Japanese Prime Minister Shinzo Abe on Tuesday announced a second emergency package to tackle economic woes stemming from the coronavirus outbreak, including $15 billion in loan programmes to support small businesses.
The package came as the government ramps up its response to the virus, which has infected more than 500 people across the country and been linked to nine deaths.
It included plans to expand the government's low interest loan programmes to 1.6 trillion yen ($15 billion) from its original 500 billion yen announced last month in the first package.
"We shall issue a powerful capital assistance worth 1.6 trillion yen that will include offering loans effectively with no interest so that small businesses across Japan that are going through very difficult time can continue their operations," Abe told the government's special outbreak taskforce.
The latest assistance will be designed to ensure steady cashflow for small businesses feeling pressure from the virus's global spread.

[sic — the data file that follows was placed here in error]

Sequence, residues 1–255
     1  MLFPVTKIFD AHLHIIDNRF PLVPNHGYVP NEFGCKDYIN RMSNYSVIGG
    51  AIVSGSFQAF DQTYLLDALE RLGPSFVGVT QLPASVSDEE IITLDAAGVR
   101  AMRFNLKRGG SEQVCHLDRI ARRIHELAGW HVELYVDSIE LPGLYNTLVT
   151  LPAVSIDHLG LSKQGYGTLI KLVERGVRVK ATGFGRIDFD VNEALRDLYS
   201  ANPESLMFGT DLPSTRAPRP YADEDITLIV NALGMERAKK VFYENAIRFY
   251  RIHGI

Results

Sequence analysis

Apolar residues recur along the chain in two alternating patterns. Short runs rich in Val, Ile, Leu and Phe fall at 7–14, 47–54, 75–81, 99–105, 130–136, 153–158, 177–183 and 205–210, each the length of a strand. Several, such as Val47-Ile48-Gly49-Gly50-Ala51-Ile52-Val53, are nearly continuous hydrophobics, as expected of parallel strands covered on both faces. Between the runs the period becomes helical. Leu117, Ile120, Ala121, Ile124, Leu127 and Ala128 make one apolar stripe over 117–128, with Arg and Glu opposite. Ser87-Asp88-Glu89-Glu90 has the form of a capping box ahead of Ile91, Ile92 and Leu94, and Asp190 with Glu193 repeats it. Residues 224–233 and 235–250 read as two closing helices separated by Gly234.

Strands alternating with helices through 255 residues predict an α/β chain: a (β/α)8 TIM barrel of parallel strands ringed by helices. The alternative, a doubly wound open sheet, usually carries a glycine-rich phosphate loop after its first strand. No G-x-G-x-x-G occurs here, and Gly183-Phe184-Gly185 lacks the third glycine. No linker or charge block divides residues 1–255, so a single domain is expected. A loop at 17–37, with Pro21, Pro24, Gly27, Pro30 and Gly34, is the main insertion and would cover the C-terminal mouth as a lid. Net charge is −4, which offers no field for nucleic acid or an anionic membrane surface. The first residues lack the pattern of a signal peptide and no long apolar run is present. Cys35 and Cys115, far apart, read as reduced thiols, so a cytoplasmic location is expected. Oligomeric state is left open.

The package will also include fiscal spending worth 430 billion yen for a variety of programmes, including boosting production of masks and helping nurseries and elderly care facilities to prevent outbreaks.
The spending programme will also cover financial help for working parents who had to miss work and stay home to care for their children after schools across the nation closed.
In mid-February the government set aside an initial 15.3 billion yen for the fight against the virus, including money to boost testing, strengthen inspections at borders and support manufacturers of face masks.
Abe also said, effective Wednesday, Japan would ban entries by foreigners from parts of Iran and hard-hit Italy, as well as San Marino.